Greasy spoon

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A counter in a greasy spoon in Brooklyn

A greasy spoon is a small, cheap eatery – either an American diner or coffee shop, or a British cafe – typically specializing in fried foods and/or home-cooked meals.[1][2] The term "greasy spoon" has been used in the United States since at least the 1920s;[3] and is sometimes used in the United Kingdom to refer to a cafe or caff,[2] which is not to be confused with the European term café which may mean coffeehouse or bar. According to the Oxford English Dictionary, the term "greasy spoon" originated in the United States[4] and is now used in various English-speaking countries.


Many typical American greasy spoons focus on fried or grilled food, such as fried eggs, bacon, hamburgers, hash browns, waffles, pancakes, omelettes, deep fried chicken, and sausages. These are often accompanied by baked beans, french fries, coleslaw, or toast. Soups and chili con carne are generally available.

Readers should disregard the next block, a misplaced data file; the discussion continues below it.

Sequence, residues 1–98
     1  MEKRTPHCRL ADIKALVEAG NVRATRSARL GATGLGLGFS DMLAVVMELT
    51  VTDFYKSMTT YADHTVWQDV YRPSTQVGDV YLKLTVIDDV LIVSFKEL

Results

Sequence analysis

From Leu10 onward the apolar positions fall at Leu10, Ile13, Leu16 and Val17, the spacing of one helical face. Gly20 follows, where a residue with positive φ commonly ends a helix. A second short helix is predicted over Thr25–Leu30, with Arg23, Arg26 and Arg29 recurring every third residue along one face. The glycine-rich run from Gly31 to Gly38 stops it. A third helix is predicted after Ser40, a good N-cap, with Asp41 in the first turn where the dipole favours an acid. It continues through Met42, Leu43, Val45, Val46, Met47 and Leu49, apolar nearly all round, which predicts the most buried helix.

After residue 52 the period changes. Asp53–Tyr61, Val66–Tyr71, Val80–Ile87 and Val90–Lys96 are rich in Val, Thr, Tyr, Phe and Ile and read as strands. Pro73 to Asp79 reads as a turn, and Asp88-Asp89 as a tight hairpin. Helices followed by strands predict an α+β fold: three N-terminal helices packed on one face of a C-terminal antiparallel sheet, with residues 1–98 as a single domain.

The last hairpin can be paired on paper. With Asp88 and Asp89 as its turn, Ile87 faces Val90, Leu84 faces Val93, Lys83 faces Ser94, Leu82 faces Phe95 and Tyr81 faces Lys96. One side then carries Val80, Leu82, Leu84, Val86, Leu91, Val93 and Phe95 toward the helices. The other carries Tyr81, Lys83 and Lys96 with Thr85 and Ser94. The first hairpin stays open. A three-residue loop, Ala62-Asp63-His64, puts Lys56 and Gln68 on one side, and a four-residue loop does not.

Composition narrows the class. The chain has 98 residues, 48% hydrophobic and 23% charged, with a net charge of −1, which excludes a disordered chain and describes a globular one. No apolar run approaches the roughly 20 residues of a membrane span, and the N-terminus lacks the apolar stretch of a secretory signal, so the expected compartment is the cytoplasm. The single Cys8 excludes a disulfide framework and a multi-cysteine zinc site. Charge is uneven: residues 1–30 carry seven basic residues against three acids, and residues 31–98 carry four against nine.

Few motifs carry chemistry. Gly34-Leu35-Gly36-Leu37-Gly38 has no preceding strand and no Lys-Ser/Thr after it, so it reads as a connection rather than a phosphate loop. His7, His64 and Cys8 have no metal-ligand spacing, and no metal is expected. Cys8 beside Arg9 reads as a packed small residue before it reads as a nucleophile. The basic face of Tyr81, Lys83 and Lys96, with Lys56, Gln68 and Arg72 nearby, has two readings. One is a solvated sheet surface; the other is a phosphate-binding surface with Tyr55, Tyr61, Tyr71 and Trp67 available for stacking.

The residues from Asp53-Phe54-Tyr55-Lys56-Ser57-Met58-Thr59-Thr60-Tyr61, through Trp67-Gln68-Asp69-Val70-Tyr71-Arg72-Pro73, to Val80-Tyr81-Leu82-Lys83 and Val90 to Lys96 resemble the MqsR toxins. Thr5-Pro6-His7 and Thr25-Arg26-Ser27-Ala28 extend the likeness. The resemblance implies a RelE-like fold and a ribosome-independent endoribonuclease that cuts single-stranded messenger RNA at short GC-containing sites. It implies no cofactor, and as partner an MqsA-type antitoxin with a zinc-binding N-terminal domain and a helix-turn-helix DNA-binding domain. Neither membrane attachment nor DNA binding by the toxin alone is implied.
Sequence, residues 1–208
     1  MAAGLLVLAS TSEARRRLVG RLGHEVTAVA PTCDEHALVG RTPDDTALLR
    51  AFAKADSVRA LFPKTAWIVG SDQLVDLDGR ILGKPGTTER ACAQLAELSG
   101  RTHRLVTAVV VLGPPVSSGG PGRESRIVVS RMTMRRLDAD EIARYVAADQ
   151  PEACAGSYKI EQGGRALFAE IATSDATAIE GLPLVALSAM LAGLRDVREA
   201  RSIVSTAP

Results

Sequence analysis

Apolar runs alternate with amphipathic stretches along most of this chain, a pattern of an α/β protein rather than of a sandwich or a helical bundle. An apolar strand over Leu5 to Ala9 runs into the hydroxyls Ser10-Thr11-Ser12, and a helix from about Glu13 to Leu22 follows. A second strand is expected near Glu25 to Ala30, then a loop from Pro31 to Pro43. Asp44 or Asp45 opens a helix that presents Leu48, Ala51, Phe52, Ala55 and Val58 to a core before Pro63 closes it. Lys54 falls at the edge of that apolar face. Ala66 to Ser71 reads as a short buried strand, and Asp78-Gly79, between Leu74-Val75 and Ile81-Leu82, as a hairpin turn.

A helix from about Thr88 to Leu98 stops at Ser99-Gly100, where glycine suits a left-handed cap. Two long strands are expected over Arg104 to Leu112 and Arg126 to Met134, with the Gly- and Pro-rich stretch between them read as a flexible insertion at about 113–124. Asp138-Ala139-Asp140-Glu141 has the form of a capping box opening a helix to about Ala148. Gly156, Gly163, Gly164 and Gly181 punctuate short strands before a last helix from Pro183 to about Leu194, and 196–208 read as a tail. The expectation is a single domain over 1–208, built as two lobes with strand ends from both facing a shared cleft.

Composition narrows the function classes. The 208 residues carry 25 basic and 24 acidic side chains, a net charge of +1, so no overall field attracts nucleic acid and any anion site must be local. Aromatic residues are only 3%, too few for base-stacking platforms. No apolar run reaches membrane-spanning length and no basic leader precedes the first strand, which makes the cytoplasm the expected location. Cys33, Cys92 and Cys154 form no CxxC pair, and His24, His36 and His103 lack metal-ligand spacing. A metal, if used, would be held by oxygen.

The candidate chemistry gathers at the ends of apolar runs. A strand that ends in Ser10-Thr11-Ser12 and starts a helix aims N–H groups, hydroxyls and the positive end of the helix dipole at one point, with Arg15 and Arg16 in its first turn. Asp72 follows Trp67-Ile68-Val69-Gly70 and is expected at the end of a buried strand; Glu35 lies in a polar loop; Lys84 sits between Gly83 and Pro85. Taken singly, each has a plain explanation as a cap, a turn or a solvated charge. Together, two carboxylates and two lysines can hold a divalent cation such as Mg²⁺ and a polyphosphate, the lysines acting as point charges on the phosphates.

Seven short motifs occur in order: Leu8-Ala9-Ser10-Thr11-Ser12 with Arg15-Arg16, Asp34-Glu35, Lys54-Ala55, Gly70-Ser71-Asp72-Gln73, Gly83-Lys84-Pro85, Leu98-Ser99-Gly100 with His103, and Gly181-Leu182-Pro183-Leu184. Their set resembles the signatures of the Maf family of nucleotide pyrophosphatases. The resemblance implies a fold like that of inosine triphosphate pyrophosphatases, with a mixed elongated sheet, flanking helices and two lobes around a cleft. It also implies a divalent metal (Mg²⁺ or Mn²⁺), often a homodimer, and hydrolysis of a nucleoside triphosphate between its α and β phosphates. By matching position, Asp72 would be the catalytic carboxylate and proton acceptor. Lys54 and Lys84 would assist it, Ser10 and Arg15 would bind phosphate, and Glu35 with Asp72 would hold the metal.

Since the 1970s, many Greek immigrants have entered the business. As a result, native Greek cuisine such as gyro and souvlaki meats are now a common part of the repertoire, often served as a side dish with breakfast and as a replacement for bacon or sausage.

A full meal may be available for a special price, sometimes called a meal deal or blue-plate special. Regional fare is often served. Coffee, iced tea, and soft drinks are the typical beverages, and pie and savouries and ice cream are popular snacks and desserts.

A typical American greasy spoon or diner may offer a full meal for a special price, sometimes called a blue-plate special. A British cafe will typically offer a "full cooked breakfast" all day. A British cafe that is beside a main road and serves passing motorists, particularly lorry (truck) drivers, is a transport cafe; this may or not be accompanied by a petrol station. A motorway service station (truck stop in America) will typically include one or more fast food restaurants such as Burger King, Greggs, or McDonald's.[5]

See also[edit]


  1. ^ Greasy spoon
  2. ^ a b Duncan Smith (13 February 2015). "Cafe culture: The survival of the traditional British 'caff'".
  3. ^ "Greasy". Online Etymology Dictionary. Retrieved 7 April 2012.
  4. ^ "greasy spoon" entry, OED
  5. ^ "Brands at Motorway Services".